There’s nothing quite like it either as a ghostwriter or an author as the feeling of utter relief when you type ‘the end’ on a manuscript. Personally it’s always followed by my end-of-book celebratory ritual which involves clearing my desk of random Post-it notes covered in scribbled chapter plans and several weeks worth of old coffee cups and giving my desk a good scrub with a packet of baby wipes. This euphoria is swiftly followed by the ‘Oh God will my publisher like it or have I spent X weeks/months writing utter nonsense?’ fear that creeps in a few seconds afterwards. However, six years on and fourteen published books later, thankfully they always do.
Many authors I work with always ask me so now their book is finished what happens next? Is that the last time that they’ll see it until they hold a finished copy in their hands? For those not familiar with how the publishing world works, sending off your finished manuscript to your editor is definitely not the end of the writing process. You’ve now entered the wonderful world of edits.
Generally in my experience, and the experience of several other United Ghosts with whom I consulted, this is how things work if your non-fiction book is being commercially published. Firstly your editor will read the full manuscript and will get back to you with some editorial notes. These can vary from a few paragraphs to several pages. Normally they’re notes asking for a little bit more information here and there, scenes they want to be expanded or parts of the book they think would work better if they were changed around or perhaps taken out or information that needs updating. One other thing to bear in mind at this stage is that these things take time. Publishers and editors are crazily busy juggling several books all at once so, depending on when your book is being published, it might take anything from days to weeks to even months for them to get back to you. So the first rule of edits is be patient – don’t worry, they will come. What normally follows after that first round of editorial notes is that your manuscript will then be passed onto a copy editor who will do a line-by-line edit. To any author this always sounds utterly terrifying. However copy editors are the eagles of the publishing world and can spot an error or a typo at 50 paces. So they’re the people who will tell you that the 13th March 1953 was a Tuesday not a Sunday and question how that character on page 153 of your book can storm off upstairs when in the previous chapter you’ve described how they live in a bungalow.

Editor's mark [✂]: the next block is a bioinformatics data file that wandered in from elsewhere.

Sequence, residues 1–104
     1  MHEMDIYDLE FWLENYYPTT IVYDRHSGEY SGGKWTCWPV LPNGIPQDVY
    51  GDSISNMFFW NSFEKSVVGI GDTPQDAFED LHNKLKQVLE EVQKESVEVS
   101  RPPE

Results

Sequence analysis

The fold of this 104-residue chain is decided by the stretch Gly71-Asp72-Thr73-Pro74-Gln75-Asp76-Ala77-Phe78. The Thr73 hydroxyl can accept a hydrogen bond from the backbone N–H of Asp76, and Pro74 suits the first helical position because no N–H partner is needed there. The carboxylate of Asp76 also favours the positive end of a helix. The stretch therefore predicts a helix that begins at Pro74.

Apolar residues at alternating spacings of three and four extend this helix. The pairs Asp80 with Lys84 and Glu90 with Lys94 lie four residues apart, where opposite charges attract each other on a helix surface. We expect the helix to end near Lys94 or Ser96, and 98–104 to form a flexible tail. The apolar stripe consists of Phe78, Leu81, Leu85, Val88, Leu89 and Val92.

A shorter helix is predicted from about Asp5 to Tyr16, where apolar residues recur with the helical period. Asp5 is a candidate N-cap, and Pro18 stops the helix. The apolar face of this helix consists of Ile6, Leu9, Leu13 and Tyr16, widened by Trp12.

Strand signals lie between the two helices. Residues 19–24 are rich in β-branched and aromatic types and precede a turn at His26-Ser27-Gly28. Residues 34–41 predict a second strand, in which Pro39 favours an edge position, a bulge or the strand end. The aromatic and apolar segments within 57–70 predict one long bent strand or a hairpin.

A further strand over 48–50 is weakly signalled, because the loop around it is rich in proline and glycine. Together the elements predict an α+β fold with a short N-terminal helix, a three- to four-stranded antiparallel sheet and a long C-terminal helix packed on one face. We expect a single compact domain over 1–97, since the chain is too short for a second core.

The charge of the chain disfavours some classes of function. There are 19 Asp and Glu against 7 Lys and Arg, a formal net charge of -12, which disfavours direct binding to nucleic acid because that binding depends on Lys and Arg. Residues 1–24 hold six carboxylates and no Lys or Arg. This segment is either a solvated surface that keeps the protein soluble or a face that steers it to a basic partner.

At the end of the day, edits no matter how painful you might find them are necessary and ultimately hopefully helpful. It’s a fresh pair of eyes on your book, an opportunity to tweak and refine your words. As one highly experienced United Ghost says: ‘I do always find, although I am reluctant to admit it, the publishing edit really adds something if it’s done well.’ Or as another fellow ghost so sagely comments – ‘Editors are very good at spotting when something isn’t working but perhaps not as good as fixing it. That is the writer’s job so insist on fixing it yourself.’
Heather Bishop is a ghostwriter, freelance journalist and TV producer. She can be found tweeting @heatherbishbash